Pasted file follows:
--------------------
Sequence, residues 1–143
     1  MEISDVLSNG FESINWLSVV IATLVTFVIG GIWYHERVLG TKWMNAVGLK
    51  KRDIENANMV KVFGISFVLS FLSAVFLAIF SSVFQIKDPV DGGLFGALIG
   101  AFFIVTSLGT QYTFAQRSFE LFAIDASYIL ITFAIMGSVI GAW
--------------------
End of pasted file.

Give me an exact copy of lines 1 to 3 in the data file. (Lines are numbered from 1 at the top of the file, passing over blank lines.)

Sequence, residues 1–143
     1  MEISDVLSNG FESINWLSVV IATLVTFVIG GIWYHERVLG TKWMNAVGLK
    51  KRDIENANMV KVFGISFVLS FLSAVFLAIF SSVFQIKDPV DGGLFGALIG